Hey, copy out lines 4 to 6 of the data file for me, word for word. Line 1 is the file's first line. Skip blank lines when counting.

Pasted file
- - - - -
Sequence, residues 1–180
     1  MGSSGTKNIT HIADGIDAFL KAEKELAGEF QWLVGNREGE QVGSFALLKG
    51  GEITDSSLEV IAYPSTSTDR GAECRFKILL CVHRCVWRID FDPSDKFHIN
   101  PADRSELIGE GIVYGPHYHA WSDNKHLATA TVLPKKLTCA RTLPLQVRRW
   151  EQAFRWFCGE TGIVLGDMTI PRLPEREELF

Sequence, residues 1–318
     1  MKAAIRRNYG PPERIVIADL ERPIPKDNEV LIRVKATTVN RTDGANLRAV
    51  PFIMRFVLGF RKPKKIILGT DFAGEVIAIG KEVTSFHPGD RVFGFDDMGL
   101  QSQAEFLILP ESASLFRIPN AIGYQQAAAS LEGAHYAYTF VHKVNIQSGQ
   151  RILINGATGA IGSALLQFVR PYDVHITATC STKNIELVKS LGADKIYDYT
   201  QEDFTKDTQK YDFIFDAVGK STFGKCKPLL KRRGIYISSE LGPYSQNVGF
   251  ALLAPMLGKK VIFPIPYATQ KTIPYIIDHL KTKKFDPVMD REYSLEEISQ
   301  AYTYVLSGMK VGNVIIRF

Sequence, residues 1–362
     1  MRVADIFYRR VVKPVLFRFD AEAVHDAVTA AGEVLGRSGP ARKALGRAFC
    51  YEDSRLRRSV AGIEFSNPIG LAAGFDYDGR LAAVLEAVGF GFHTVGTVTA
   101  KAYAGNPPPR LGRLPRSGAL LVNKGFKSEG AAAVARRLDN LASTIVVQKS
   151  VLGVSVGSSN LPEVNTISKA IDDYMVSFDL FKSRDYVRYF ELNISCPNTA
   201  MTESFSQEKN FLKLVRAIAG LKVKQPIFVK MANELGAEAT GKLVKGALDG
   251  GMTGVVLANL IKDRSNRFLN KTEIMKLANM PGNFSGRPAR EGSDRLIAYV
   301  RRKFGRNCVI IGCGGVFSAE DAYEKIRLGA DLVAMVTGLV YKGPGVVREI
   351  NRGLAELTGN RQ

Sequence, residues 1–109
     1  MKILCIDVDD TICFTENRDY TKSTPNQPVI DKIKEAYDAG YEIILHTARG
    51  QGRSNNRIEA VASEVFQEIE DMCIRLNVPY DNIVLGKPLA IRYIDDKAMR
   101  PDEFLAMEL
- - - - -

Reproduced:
   101  PADRSELIGE GIVYGPHYHA WSDNKHLATA TVLPKKLTCA RTLPLQVRRW
   151  EQAFRWFCGE TGIVLGDMTI PRLPEREELF

Sequence, residues 1–318